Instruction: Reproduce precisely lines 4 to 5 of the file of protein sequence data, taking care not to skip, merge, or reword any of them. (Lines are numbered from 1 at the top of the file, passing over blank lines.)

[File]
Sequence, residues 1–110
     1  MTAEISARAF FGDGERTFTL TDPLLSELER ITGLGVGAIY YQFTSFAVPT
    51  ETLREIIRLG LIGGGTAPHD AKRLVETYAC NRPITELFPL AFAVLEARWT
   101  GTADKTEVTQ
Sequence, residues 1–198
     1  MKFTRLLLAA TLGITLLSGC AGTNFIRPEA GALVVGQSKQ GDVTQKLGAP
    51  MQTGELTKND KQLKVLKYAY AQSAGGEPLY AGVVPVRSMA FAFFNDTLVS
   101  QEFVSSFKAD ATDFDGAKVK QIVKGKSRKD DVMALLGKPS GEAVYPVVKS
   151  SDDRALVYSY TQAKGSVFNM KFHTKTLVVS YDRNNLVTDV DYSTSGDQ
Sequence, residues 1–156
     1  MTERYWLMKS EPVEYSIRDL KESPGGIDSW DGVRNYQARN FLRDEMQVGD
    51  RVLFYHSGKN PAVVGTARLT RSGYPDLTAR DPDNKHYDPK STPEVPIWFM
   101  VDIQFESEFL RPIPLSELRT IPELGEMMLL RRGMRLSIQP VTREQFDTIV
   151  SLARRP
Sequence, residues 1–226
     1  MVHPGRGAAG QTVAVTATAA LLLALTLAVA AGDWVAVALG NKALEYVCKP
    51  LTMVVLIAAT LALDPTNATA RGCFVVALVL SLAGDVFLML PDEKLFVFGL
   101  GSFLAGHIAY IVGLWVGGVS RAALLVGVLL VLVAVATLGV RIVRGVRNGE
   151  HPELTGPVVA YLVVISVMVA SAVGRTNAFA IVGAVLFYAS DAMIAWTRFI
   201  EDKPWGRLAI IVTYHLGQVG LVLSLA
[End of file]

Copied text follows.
   101  GTADKTEVTQ
Sequence, residues 1–198